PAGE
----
Live Like a Confucian
Suppose someone treats one in an outrageous manner. Faced with this, a superior person will look within [literally, return to oneself], saying “I must be lacking in benevolence and propriety, or else how could such a thing happen to me?” When, looking within oneself, one finds they have been benevolent and proper, and yet this outrageous treatment continues, then the superior person will look within, saying, “I must have failed to do my best for them.” When, on looking within oneself, one finds they have done their best and yet this outrageous treatment continues, then the superior person will say, “This person does not know what they are doing. Such a person is no different from an animal. One cannot expect an animal to know better.”
– Mengzi 4B28
Mengzi’s idea that we should learn not to immediately blame others, but instead to “look within” first makes great sense in light of modern psychological findings that individuals are generally much quicker to blame others than themselves when things go wrong. One aspect of this is now called the “fundamental attribution error,” according to which we tend to under-emphasize situational factors and over-emphasize personal character when explaining others’ behavior, and do the opposite when explaining our own. Wikipedia provides a nice example:
As a simple example of the behavior which attribution error theory seeks to explain, consider the situation where Alice, a driver, is cut off in traffic by Bob. Alice attributes Bob’s behavior to his fundamental personality, e.g., he thinks only of himself, he is selfish, he is a jerk, he is an unskilled driver; she does not think it is situational, e.g., he is going to miss his flight, his wife is giving birth at the hospital, his daughter is convulsing at school. Alice might well make the opposite mistake and excuse herself by saying she was influenced by situational causes, e.g., I am late for my job interview, I must pick up my son for his dental appointment, rather than thinking she has a character flaw, e.g., I am such a jerk, I treat others in contempt, I am bad at driving.
As for the “looking within” itself, this is again a process of inner inspection of one’s motives and the way they may have been manifested in action. Here, it is important to keep in mind that our inner feelings can reveal themselves even if we do not take overt actions. Mengzi says:
Superior people regard the benevolence, righteousness, propriety, and wisdom that are based in their hearts as their nature. These are clearly manifest in their lives and their demeanor. They fill their torsos and extend to their four limbs. Though they say nothing, their four limbs express them.
– Mengzi 7A21
Even when saying nothing, one’s “four limbs”—that is, one’s posture, facial expressions, and so on—can express one’s attitude.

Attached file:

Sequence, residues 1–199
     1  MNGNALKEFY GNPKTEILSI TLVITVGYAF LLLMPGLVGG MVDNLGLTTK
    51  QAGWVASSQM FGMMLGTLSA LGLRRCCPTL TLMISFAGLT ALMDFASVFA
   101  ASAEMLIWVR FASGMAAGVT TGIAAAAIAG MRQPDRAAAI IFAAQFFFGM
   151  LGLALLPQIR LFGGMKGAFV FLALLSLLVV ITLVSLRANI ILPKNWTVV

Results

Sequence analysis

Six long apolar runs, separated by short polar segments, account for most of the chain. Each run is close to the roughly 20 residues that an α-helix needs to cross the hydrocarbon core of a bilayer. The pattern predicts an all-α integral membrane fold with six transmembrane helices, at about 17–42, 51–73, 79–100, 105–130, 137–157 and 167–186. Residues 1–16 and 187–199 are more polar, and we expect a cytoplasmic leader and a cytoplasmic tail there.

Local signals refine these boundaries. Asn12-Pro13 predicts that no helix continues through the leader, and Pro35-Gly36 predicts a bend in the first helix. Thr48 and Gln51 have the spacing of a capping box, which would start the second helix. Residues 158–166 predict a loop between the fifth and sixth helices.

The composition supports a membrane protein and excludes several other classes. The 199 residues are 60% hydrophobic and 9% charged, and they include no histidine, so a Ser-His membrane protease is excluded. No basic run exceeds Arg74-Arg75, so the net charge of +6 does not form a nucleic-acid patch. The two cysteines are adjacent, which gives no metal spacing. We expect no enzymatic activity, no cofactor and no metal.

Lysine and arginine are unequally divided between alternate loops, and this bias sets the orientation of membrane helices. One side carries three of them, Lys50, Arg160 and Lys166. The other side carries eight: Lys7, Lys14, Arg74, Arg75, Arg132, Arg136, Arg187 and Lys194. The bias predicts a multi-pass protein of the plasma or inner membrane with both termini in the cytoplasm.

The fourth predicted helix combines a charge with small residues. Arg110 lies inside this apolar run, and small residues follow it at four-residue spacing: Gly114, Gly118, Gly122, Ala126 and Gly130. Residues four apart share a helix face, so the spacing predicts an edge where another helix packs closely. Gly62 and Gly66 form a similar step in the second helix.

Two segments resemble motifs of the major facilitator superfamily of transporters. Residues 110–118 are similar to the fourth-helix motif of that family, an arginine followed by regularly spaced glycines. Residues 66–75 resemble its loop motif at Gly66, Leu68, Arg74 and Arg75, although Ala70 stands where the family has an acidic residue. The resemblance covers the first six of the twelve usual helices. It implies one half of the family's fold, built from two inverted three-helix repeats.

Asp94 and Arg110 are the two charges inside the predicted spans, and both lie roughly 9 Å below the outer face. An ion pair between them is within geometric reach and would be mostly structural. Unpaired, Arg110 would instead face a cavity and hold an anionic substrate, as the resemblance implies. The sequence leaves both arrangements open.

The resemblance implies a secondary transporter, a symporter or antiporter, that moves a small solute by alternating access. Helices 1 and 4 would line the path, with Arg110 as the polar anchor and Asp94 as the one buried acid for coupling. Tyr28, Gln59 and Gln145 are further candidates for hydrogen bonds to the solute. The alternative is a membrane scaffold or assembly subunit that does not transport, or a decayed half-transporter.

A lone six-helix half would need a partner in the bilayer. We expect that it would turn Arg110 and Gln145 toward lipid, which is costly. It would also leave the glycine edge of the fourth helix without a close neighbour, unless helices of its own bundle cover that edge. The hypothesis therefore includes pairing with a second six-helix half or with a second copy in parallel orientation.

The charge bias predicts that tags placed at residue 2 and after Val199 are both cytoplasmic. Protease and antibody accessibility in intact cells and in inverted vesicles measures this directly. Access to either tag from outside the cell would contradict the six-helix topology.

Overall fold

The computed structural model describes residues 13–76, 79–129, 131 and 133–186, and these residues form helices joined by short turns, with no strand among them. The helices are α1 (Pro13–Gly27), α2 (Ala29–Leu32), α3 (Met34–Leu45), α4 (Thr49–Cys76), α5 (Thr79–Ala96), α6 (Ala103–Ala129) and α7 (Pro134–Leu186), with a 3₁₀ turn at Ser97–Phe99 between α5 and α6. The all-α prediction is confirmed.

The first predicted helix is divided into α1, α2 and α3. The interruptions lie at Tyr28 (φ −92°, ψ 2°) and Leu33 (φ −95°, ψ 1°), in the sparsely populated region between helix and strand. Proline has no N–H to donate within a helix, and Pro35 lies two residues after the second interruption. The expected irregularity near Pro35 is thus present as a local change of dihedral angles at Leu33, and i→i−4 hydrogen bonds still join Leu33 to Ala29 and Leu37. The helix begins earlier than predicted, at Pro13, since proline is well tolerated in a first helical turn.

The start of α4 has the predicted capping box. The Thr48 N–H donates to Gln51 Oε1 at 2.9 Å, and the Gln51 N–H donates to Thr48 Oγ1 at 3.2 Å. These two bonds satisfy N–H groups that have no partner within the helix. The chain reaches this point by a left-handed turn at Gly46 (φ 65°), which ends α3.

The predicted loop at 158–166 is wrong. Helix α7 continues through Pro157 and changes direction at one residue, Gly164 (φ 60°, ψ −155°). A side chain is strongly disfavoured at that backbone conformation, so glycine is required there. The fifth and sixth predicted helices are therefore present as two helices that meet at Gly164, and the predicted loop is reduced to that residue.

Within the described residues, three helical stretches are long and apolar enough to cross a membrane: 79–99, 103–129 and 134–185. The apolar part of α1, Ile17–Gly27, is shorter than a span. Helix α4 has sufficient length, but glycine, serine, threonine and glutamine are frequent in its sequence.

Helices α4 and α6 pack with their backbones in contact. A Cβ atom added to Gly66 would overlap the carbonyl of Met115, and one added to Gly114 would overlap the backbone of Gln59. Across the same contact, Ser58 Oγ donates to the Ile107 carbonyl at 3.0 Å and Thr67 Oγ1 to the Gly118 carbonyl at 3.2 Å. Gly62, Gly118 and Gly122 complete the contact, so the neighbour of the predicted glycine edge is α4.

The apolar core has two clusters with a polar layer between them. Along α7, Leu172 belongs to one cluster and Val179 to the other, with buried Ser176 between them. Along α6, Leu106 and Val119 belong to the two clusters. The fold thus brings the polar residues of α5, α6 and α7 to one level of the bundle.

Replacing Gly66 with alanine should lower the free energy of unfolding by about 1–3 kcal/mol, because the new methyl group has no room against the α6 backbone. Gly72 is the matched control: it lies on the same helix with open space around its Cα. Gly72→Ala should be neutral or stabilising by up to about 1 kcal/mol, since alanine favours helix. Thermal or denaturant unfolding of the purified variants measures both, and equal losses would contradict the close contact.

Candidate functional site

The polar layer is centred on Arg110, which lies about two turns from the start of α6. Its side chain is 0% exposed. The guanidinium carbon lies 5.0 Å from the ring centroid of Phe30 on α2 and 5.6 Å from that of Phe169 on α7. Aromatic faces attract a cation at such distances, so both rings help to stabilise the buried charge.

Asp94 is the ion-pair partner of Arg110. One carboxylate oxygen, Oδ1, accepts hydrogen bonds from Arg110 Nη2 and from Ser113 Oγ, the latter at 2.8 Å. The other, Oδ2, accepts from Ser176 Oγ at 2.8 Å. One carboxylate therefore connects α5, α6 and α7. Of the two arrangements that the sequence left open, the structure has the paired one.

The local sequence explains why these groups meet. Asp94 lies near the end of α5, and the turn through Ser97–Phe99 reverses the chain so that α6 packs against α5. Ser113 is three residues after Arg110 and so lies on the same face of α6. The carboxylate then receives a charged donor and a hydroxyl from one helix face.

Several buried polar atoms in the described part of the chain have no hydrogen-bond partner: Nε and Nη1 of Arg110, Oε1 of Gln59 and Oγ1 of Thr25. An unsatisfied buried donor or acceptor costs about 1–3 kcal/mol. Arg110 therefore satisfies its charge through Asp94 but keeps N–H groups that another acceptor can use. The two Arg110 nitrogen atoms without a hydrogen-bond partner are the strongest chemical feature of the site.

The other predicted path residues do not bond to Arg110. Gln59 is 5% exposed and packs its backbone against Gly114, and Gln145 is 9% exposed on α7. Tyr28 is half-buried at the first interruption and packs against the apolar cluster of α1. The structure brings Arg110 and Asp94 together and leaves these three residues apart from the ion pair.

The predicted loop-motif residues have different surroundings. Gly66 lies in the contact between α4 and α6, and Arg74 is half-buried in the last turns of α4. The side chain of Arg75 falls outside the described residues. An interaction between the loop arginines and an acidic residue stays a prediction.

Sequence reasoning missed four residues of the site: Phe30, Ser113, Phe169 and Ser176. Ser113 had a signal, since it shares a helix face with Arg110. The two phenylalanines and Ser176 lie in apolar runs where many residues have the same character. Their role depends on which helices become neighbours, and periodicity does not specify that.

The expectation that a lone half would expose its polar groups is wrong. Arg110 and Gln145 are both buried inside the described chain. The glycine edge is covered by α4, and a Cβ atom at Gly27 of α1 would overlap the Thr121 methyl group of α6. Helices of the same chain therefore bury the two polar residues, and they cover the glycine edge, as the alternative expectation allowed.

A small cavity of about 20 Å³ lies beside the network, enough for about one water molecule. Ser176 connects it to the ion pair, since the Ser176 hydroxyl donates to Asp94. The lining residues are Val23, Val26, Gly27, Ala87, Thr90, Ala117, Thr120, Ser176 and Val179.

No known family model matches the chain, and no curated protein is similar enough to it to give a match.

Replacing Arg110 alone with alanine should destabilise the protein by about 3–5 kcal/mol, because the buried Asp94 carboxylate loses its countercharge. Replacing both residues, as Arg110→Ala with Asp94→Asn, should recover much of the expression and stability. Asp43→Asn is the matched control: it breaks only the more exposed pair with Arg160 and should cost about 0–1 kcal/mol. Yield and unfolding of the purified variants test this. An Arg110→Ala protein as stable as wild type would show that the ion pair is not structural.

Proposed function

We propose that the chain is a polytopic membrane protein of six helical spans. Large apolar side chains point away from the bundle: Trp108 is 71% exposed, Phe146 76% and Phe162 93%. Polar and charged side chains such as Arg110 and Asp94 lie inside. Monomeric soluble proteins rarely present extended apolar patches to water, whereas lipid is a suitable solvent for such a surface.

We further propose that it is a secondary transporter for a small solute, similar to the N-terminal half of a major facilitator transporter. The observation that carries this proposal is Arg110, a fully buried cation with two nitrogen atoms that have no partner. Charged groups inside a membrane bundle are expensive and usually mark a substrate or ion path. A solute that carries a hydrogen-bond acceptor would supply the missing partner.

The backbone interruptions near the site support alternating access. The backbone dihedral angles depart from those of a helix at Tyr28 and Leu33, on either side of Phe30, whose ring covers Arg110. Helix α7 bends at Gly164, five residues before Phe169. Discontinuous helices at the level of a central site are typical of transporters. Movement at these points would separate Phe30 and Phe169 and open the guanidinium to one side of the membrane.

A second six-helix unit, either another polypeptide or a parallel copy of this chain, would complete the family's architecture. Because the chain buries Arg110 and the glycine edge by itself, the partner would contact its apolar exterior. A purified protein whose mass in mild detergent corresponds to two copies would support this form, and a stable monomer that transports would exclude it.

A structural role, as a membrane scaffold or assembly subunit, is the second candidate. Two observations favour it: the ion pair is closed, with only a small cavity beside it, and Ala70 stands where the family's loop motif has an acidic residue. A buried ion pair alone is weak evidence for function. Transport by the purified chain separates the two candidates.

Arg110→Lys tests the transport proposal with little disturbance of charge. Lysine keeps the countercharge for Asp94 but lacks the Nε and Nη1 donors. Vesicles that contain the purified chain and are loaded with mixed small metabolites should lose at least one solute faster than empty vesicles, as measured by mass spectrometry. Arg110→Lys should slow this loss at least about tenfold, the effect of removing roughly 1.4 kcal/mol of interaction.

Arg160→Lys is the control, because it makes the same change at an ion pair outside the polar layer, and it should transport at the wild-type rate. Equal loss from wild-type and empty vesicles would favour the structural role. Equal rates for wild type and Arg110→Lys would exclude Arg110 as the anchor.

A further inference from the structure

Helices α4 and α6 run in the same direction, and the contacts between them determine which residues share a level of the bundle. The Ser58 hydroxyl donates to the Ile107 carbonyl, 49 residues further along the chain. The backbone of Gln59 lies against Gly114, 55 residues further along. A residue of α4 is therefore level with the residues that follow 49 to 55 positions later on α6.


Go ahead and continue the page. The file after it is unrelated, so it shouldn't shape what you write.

In short, experiencing some sort of discomfort or lack of attention can lead to, if not an inappropriate action, then perhaps a facial expression or other “microaggression” that helped to generate another person’s problematic response. Confucians well understand the ways in which our dress and body language can encourage others—often subconsciously—to respond in positive or less positive ways, which is one of the reasons for their emphasis on ritual. Such a reaction then forms part of the “situation” to which the other is reacting, and so (partially) explains their reaction, rather than it simply being a result of under-developed character. It is crucial to note that the way in which one is contributing to the situation (via “microaggression”) is usually not intended or even conscious. Mengzi is suggesting that if we look carefully at our own motives, we may discover underlying factors that are affecting the outcome.
Throughout the day today, choose three instances in which you interact with someone else. This could be in-person or virtually, with someone you know or with a stranger. Think about how the interactions go and reflect on how you were presenting yourself to the others and what your attitudes or expectations toward the others were. Insofar as the interactions go less than perfectly, ask yourself: (1) “have I failed to feel appropriate care/concern for this other person?” and (2) “have I done something (or failed to do something) to partially cause this person’s problematic response?” If things go really badly, could it be that the other person is focused on other issues and “doesn’t know what they are doing,” or are you really faced with someone whose moral character is poorly developed? (The fact that we too-often attribute others’ failures to their character doesn’t mean that others’ character never explains things.)